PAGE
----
The details given here are drawn from a 1974 publication by the club, compiled by Michael Maultsaid (former club scorer) and from an older publication called ‘A Parish Miscellany’ by The Reverend Josiah Haddock, MA (former Rector of Waringstown). Grateful thanks is given for the information. A full history of the club may be found in the 2001 hardback publication “Waringstown Cricket Club – The First 150 years” available from the club and priced at £11 plus £2 postage and packing.
Formation of the Club
Waringstown Cricket Club was formed in 1851 by Captain Thomas Waring and the Henning brothers, John and George, presumably from the linen factory of John Henning & Co. in the village. There appears to be no record of the earliest matches played by the club, which had no permanent home until the generosity of the Waring family provided it with one in 1858. ‘The Lawn’ is believed to be the second oldest ground in Ulster. Waringstown is also known to have played some of its early games in Botanic Gardens, Belfast. By 1866 the club had 30 members and the yearly subscription was 10 shillings – but it cost £1 entrance fee for the right to become a club member. The most important game of the year in these early days of the club seems to have been the local derby against the Lurgan Demesne XI, captained by Charles Brownlow. He is perhaps better known as Lord Lurgan, owner of the famous greyhound, Master McGrath. The earliest recorded game between the two sides was in 1858, with Waringstown being easy winners.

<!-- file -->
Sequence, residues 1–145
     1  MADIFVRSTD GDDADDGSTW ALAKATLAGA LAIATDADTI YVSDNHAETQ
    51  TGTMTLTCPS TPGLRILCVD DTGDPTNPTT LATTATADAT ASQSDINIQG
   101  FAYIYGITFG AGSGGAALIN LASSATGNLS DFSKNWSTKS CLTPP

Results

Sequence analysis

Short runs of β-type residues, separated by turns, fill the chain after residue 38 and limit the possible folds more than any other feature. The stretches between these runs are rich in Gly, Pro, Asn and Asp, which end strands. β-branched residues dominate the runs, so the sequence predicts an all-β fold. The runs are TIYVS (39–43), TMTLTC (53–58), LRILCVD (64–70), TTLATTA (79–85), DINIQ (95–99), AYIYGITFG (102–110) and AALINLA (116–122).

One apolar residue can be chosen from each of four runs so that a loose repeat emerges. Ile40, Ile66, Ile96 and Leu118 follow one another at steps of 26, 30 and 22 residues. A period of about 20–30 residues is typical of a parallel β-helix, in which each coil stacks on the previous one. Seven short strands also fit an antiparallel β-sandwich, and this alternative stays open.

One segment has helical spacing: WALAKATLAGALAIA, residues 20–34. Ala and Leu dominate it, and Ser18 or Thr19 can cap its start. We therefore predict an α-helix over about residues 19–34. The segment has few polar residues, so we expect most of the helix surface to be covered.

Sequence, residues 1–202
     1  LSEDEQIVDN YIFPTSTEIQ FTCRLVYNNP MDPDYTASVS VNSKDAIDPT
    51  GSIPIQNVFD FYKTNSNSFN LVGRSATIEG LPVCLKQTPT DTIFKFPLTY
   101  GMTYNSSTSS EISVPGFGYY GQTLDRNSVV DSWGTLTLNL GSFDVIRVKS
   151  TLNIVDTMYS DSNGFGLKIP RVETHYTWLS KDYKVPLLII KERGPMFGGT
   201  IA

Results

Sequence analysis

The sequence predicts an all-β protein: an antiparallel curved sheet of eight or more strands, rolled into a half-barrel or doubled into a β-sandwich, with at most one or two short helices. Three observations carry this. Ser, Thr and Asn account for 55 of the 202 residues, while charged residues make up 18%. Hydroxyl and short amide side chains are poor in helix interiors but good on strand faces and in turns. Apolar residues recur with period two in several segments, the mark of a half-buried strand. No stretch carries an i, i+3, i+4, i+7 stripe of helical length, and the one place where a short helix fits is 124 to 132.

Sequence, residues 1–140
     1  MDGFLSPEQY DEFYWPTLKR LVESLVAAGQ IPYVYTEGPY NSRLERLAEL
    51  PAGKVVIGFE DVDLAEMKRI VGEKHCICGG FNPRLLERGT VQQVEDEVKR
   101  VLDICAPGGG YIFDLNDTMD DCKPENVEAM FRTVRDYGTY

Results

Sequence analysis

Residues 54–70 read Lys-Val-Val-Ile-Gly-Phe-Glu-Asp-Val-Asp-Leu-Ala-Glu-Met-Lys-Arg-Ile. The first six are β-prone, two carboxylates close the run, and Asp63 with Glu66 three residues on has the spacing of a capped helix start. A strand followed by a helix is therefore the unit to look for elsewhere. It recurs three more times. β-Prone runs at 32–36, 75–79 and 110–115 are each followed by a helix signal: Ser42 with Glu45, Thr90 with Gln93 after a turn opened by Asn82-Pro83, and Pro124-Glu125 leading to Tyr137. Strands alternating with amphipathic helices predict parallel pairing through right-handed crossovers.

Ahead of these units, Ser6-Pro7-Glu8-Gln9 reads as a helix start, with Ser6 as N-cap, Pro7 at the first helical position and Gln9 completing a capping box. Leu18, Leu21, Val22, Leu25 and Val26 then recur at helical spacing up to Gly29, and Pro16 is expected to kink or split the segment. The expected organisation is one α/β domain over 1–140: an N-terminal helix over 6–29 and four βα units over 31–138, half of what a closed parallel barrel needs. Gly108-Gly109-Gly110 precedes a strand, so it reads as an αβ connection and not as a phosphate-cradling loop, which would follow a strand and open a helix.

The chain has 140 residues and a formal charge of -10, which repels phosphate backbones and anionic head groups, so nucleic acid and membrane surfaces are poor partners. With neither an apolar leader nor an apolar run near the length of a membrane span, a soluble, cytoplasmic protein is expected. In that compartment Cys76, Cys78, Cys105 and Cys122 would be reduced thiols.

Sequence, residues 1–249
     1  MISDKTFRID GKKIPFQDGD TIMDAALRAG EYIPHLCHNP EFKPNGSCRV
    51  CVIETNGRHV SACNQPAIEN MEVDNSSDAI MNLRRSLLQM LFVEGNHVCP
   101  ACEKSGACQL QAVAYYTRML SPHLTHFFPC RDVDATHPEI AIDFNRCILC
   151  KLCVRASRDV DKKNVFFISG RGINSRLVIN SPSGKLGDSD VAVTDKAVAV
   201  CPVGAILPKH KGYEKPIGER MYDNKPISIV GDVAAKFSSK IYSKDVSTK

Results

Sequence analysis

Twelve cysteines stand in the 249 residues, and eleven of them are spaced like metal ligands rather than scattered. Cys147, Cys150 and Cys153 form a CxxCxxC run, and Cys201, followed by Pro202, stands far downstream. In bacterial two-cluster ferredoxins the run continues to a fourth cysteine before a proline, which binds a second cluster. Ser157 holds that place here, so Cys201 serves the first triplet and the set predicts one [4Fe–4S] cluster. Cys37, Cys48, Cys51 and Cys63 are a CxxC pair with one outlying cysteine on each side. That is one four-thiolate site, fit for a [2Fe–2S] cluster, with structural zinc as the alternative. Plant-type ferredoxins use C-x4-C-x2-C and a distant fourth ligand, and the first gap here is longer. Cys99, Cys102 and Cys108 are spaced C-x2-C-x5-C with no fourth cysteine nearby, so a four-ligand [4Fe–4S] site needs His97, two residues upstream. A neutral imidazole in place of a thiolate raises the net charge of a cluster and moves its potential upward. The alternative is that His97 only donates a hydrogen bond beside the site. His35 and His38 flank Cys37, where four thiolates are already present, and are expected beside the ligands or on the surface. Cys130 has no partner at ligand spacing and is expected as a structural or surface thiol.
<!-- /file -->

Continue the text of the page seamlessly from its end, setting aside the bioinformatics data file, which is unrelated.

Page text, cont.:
One of the most amusing facts that emerges from the history books refers to a game played in the 1890s. It was a Senior Cup game between the very strong North Down team and a much weaker Waringstown side. North Down batted first and when they had reached 423 for 8 the Waringstown players refused to play on!
Waringstown was one of the earliest members of the NCU Senior League that started in 1897. In an amusing paragraph from ‘A Parish Miscellany’, Rev Haddock informs us:
“The plantation of this parish was by settlers from the North of England. Their national game was “Cricket” . Those who came from Scotland settled in Co. Antrim and brought with them ‘Football”.
So we can see why Waringstown, which has fostered the game ever since, may be called “The Home of Ulster Cricket”.
When the baby begins to cry in the cradle, the mother looks up from her washing and shouts “Mary! Throw the child that cricket ball.” Mary throws the ball to the child and the child throws it back, and so the cricket fever takes its place with the chicken pox and the measles. The next stage is with a box and a piece of board on the street, and so on till the enthusiast reaches the “Lawn”. After that there is no cure.”
The Waring Family
Thomas Waring was a great-great-great grandson of William Waring, who in 1658 bought the western part of the parish of Donaghcloney from Captain John Barrett.
In 1667 William Waring built a semi-fortified house in the townland of Magherana, around which sprang up the village of Waringstown. Waringstown House, as it became known, is on the badge of Waringstown Cricket Club.